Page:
1. Mick West

    Mick West Administrator Staff Member

    Source: https://www.youtube.com/watch?v=Yk9C4XkCMD8

    Brian Dunning is a prolific skeptical podcaster with his award-winning show “Skeptoid” coming up on its 700th episode. He’s also a writer, with his most recent book Conspiracies Declassified: The Skeptoid Guide to the Truth Behind the Theories, explaining the facts behind 50 different conspiracy theories. He’s also a documentary producer, currently working on Science Friction, a documentary about scientists who get misrepresented by the media. We discuss all these topics and more.

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  2. Willie

    Willie Member

    Big bigfoot. That's funny.
  3. Really enjoyed the, too short, discussion about Deepfakes, deep neural networks and AI faked videos and the potentially unwinnable arms race. Great stuff.

    This reminded me of something sort of related.

    I’m certainly aware of Mick's game dev history and as a long-ago game artist myself, I was always asked “when are we going to see photoreal games that are indistinguishable from reality?”.

    Years ago, many of my coworkers always seemed to more or less agree “10-15 years”, while I always thought we’re, at least, several decades away.

    That time has since long since passed.

    There are some stunningly beautiful games out there right now, but 10-15 years from now they are indistinguishable from photographic reality? I’m still skeptical ;)
  4. Mick West

    Mick West Administrator Staff Member

    I think there's real-time face rendering that's getting pretty close. I think we already have stuff that's indistinguishable at moderate resolution.

    Source: https://www.youtube.com/watch?v=-xL5ogM4bOo
  5. Getting close, for sure.

    I was going to say I probably should’ve said indistinguishable real-time 3D because those clips are pre-rendered, but after poking around a bit I was reminded the last two clips, “Siren” and Andy Serkis, are real-time using Unreal Engine. Pretty nice.

    I think all those clips are all still firmly in the Uncanny Valley, though.

    But, when we do get to photoreal, real-time 3D video, it’s going to make Deepfakes look like child’s play.

    Last edited: Nov 6, 2019
  6. Astro

    Astro Active Member

    Maybe. Or maybe the two techniques will start to overlap more (think, deep learning algorithms that generate photorealistic 3D models and textures for rendering by conventional methods). I think "deep fake" or at least "deep learning" technology will continue to be a game changer for some time to come. The reason I say this is because of how relatively automated the process can be and how a single individual can produce amazing quality altered videos.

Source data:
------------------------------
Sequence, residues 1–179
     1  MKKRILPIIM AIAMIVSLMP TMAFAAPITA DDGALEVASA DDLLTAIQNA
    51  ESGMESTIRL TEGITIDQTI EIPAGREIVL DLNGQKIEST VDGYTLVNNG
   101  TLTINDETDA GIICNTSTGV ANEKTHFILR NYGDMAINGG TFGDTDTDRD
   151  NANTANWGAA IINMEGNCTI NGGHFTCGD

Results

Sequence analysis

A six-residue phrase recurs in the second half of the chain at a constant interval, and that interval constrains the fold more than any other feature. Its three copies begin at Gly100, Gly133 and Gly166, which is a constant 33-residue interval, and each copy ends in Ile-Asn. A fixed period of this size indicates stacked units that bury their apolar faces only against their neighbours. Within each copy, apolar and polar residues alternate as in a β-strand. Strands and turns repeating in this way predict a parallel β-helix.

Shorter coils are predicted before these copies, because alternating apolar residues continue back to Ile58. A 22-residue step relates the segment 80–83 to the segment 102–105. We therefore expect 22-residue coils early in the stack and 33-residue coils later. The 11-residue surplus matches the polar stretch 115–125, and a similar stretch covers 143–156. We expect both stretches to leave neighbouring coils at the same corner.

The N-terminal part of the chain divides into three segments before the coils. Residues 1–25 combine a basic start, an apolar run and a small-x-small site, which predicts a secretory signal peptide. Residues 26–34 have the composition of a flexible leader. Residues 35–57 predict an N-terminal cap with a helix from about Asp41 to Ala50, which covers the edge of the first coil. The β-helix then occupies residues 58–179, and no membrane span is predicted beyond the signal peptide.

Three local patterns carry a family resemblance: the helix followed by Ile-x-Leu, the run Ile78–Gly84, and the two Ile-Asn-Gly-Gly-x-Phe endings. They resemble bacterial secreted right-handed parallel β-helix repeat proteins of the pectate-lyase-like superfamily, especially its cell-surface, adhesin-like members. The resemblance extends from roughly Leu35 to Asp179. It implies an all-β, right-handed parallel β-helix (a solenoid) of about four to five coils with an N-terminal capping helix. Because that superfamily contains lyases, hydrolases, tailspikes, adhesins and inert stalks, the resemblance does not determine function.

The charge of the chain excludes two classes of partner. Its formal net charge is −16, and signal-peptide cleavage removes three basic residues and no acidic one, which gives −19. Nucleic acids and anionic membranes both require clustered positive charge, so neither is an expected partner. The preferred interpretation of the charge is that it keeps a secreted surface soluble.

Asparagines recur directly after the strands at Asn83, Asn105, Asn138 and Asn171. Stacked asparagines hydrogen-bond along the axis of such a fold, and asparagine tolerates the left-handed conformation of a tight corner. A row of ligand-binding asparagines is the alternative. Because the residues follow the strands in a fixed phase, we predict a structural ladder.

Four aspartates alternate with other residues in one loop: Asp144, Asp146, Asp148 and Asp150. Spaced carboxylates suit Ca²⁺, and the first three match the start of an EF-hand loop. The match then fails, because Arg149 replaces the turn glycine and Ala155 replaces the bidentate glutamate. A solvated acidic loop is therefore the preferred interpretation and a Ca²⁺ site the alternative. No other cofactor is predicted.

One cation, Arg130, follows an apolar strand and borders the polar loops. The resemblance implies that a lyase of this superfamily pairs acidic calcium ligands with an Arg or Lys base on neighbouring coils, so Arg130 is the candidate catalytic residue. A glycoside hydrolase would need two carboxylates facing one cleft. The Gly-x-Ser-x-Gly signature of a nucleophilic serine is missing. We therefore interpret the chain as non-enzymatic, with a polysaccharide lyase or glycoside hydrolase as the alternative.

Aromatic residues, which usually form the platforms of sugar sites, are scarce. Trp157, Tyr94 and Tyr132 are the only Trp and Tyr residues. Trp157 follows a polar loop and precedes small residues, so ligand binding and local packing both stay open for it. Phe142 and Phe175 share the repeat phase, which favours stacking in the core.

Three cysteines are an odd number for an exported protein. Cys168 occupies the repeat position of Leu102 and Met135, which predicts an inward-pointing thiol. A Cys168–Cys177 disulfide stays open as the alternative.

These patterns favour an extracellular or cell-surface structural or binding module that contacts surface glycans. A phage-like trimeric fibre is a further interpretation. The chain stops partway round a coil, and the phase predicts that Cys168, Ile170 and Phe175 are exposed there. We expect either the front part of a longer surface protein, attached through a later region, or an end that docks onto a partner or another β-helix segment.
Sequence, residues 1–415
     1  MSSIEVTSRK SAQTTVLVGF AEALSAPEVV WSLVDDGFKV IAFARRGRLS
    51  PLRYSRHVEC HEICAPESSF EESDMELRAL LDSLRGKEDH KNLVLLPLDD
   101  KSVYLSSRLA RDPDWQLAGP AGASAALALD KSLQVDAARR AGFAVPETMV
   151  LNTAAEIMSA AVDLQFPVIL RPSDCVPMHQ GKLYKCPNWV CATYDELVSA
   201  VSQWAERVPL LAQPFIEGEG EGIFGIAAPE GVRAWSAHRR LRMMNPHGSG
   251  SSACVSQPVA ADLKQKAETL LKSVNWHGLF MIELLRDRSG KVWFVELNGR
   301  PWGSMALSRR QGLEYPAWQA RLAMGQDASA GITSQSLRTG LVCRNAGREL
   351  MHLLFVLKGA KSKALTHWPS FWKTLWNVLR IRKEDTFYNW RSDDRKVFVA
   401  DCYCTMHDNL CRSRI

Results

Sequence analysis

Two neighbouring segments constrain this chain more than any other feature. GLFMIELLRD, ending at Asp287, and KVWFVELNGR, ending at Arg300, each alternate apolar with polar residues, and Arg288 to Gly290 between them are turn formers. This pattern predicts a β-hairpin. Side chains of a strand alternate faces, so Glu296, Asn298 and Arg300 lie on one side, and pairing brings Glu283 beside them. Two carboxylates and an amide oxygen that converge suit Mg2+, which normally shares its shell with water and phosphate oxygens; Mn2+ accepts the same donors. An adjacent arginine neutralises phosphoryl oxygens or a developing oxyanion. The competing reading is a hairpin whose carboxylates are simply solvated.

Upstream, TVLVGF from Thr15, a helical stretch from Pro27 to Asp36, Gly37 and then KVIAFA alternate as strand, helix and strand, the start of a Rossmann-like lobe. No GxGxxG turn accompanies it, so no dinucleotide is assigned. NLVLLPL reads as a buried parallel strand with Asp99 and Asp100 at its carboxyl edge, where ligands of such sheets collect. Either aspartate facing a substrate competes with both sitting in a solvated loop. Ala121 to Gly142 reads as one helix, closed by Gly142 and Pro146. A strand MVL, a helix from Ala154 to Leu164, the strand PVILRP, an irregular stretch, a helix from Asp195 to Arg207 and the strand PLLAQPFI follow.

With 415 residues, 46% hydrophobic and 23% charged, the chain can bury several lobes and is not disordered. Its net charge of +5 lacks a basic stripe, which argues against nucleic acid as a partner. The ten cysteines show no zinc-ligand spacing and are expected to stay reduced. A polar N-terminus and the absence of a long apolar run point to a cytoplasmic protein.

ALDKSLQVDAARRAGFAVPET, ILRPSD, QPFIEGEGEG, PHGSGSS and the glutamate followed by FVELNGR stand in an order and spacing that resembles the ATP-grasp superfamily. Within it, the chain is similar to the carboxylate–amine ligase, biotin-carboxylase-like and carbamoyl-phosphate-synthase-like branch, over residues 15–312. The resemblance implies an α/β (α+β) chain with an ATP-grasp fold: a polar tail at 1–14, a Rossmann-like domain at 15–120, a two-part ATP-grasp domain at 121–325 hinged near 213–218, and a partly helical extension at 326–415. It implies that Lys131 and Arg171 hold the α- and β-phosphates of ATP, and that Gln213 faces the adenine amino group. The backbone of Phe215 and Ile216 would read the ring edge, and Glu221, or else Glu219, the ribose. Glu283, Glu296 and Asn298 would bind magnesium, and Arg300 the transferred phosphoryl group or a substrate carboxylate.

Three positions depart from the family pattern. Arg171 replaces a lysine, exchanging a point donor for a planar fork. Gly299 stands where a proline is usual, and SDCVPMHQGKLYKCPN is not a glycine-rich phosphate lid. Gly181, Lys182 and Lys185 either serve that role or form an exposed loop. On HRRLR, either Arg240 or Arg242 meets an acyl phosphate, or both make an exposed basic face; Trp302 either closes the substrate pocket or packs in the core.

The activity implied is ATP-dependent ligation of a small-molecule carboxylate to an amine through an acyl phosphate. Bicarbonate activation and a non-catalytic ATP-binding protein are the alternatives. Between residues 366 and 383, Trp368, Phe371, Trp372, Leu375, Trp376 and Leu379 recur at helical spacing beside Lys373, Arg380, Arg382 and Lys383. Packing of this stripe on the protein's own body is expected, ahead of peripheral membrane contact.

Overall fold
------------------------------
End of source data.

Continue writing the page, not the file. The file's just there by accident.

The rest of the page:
It makes it possible for one person to do it relatively quickly, instead of a team of artists, or one person working for a long time. Of course this isn't about applying it to games, but for making videos I think deep learning algorithms are here to stay.
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  7. Agent K

    Agent K Active Member

    I think the arms race is built into deepfakes. That's how generative adversarial networks work, by pitting the generative network against the discriminative network, and training them together to generate and discriminate fakes.
    That said...
    Semantic Forensics complements the Media Forensics (MediFor) program.
    Last edited: Nov 8, 2019
  8. Yeah, you’re probably right. In hindsight, “it’s” going to have to be a combination of human artistry and machine learning.

    Deepfakes lack of creativity and human’s lack of unrelenting, timeless perseverance seems to be a peanut butter and jelly situation.

    Your post reminds me that I should probably start messing around with creating my own deepfakes before I speak with any command.

    I did some hasty searches the other day for the most popular methods/software but wasn’t able to settle on anything in particular.

    Anyone have any recommendations?
  9. Astro

    Astro Active Member

    This is what I've played around with:
    My results with it are very amateurish, but for my purposes I wasn't going for realism and the source material was low quality and limited. I'm also not a graphic artist, my video editing experience is limited to astrophotography/videography, so just being able to automatically throw someone's "face" on another character's face was something I could not have done without this toolset.
  10. Silent and Hushed

    Silent and Hushed New Member

    Nice show, I'm going to watch more.